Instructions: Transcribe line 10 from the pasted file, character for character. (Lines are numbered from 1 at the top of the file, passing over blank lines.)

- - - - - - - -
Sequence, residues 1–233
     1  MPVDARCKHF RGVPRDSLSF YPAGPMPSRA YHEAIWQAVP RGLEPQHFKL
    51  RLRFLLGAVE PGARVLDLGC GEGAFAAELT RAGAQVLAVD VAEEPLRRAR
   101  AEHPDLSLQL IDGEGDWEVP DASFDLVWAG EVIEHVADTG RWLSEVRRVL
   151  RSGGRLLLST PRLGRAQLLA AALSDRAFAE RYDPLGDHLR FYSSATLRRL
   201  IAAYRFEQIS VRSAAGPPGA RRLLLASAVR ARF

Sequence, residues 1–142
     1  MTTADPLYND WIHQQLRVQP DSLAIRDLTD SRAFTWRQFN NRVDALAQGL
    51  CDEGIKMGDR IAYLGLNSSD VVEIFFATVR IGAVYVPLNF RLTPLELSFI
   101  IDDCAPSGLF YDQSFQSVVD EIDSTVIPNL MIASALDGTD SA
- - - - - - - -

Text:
   101  IDDCAPSGLF YDQSFQSVVD EIDSTVIPNL MIASALDGTD SA